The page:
A career filled with a love of teaching and aneurysms

Emeritus Professor Malcolm West passed away at the age of 79 years, on Wednesday 6th January, 2021 in Bunya, Brisbane surrounded by his wife, Jennifer, his daughters, sons-in-law and grandchildren. Professor West’s funeral service was held at St Mary’s Anglican Church at Kangaroo Point on the 15th January, and this celebration of his life was attended by family and friends, academic colleagues, physicians, patients and community members.

Emeritus Professor West was appointed Professor of Cardiovascular Research at The University of Queensland in July, 1989, a position funded by the National Heart Foundation through government funds granted to celebrate Australia’s Bicentenary. Prior to this appointment, Professor West worked at the Hallstrom Institute of Cardiology (University of Sydney), in the United Kingdom at Oxford University, in the United States at the National Heart Lung and Blood Institute (NIH) Bethesda, and as Associate Professor of Medicine at the Flinders University of South Australia.

At The University of Queensland, Professor West was the Head of Department and then the Head of the Discipline of Medicine from 1998, followed by appointment as Mayne Professor of Medicine from 2008 to 2016. Professor West was integral in changing the undergraduate medical program to a postgraduate medical school curriculum, and incorporated problem-orientated approaches to learning. Professor West also played an integral role in the establishment of clinical schools in New Orleans (United States) as well as regional centres such as Hervey Bay. He supported several generations of medical students, junior doctors, physician trainees and physicians in career progression and research activities during his three decades of academic teaching with The University of Queensland.

Over the course of his career, Professor West made significant contributions at an international level in his chosen fields of cardiovascular research, principally on the topics of hypertension, lipid-lowering therapy (co-author in NEJM LIPID study), coronary artery disease, vascular biology, and aortic aneurysm disease. His work incorporated both a clinical and basic science dimension which spanned patient management, cell biology and the genetic determinants of disease. Professor West had published more than 220 peer reviewed papers and published book chapters in high impact journals.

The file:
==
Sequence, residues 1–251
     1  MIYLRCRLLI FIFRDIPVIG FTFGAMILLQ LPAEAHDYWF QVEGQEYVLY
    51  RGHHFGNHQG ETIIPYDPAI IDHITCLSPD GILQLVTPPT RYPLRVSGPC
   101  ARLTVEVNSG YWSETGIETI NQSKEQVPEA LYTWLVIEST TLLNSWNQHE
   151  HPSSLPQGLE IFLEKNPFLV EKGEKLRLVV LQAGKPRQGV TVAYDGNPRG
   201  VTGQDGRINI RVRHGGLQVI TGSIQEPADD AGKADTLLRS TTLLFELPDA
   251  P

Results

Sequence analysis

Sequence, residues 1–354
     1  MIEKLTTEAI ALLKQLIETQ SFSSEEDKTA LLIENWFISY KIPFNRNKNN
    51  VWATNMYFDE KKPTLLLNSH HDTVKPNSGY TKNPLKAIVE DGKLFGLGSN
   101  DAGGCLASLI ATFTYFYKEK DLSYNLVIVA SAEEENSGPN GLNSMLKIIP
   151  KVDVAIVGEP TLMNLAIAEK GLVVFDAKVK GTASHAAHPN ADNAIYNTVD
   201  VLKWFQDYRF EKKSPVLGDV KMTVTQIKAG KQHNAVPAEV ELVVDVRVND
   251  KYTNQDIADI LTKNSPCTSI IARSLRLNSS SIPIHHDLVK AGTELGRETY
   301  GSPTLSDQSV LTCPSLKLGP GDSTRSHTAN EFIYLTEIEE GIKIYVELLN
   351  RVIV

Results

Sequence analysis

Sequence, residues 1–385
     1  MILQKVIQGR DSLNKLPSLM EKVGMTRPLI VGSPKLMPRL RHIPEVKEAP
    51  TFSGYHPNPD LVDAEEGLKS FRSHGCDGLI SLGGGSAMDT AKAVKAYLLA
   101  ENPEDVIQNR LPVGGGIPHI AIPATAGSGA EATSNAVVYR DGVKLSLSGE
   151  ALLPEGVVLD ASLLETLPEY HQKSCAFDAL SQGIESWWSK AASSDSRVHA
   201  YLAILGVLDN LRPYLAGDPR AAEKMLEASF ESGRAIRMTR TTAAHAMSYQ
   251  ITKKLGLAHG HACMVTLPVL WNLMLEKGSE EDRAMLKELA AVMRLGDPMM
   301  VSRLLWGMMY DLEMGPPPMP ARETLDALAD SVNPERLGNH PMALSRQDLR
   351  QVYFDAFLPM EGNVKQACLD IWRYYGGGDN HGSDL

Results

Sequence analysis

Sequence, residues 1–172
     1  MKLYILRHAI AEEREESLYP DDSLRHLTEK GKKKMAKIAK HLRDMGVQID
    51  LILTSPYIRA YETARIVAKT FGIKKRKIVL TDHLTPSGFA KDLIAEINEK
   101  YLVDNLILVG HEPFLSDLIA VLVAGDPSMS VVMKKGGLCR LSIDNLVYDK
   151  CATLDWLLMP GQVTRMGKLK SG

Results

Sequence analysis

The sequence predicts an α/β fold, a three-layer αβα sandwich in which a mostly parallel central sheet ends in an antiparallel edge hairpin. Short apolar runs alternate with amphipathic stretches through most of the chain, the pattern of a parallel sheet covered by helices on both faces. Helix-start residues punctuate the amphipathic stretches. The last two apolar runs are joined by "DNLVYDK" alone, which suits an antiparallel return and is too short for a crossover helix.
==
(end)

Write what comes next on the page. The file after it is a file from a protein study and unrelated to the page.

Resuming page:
Professor West was a key part of the internationally lauded LIPID study, published in the New England Journal of Medicine, which was a landmark publication demonstrating the key clinical benefit of statin therapy in reducing the burden of cardiovascular disease. In conjunction with several other similarly highly impactful studies, this work has embedded lipid-lowering therapy as a benchmark in care for patients with coronary artery disease. This is a therapy that has been pivotal in reducing mortality from coronary disease the world over. Professor West has been a key member of the LIPID Management Committee that set up this study in 1990.

In the field of hypertension, Professor West made a significant research contribution as a key member of the research team behind the Second Australian National Blood Pressure (ANBP2) study that demonstrated for the first time the mortality benefits of ACE Inhibitors as well as diuretic in older hypertensive Australians. Up until his passing, Professor West was a member of subcommittees that investigated genetic risk factors associated with cardiovascular outcomes in both the LIPID study and the ANBP2 trial.

One of Professor West’s most rewarding initiatives was the multidisciplinary aneurysm (Marfan syndrome) diagnostic and management clinic at The Prince Charles Hospital in 1993, the first of this type of clinic to be established in Australia. He made substantial contributions to research in the clinical management and basic pathophysiology of these conditions. He guided the national recommendations for the diagnosis and management of Marfan syndrome in Australia. Professor West’s group was the first to show the presence of the over-expression of transforming growth factor beta in aortic tissue derived from Marfan subjects. This important finding has supported the view that early treatment of aortic aneurysm in Marfan syndrome with angiotensin 11 receptor blocking drugs is able to reduce the rate of aortic dilation. With Professor Kim Summers, he initiated investigations that are uncovering the genomic basis of Marfan syndrome and other inherited aortic aneurysm conditions. This work has received global recognition with Professor West presenting at major scientific meetings in the USA, Europe and Asia.

Professor West’s contributions were publicly acknowledged by the broader community in 2012 with the award of Membership of the Order of Australia.  In 2016, Professor West was awarded the RT Hall Prize, the most prestigious research away of the Cardiac Society of Australia and New Zealand to recognize the achievements of senior and established investigators.

Through his remarkable career, Professor West was sought after as a mentor for academics, clinicians and higher degree research students. He was known as a humble, caring and dedicated person of the utmost integrity, who was highly respected by his peers for his great humility and incredible work ethic.

Professor West will very much be missed. May he rest in peace.


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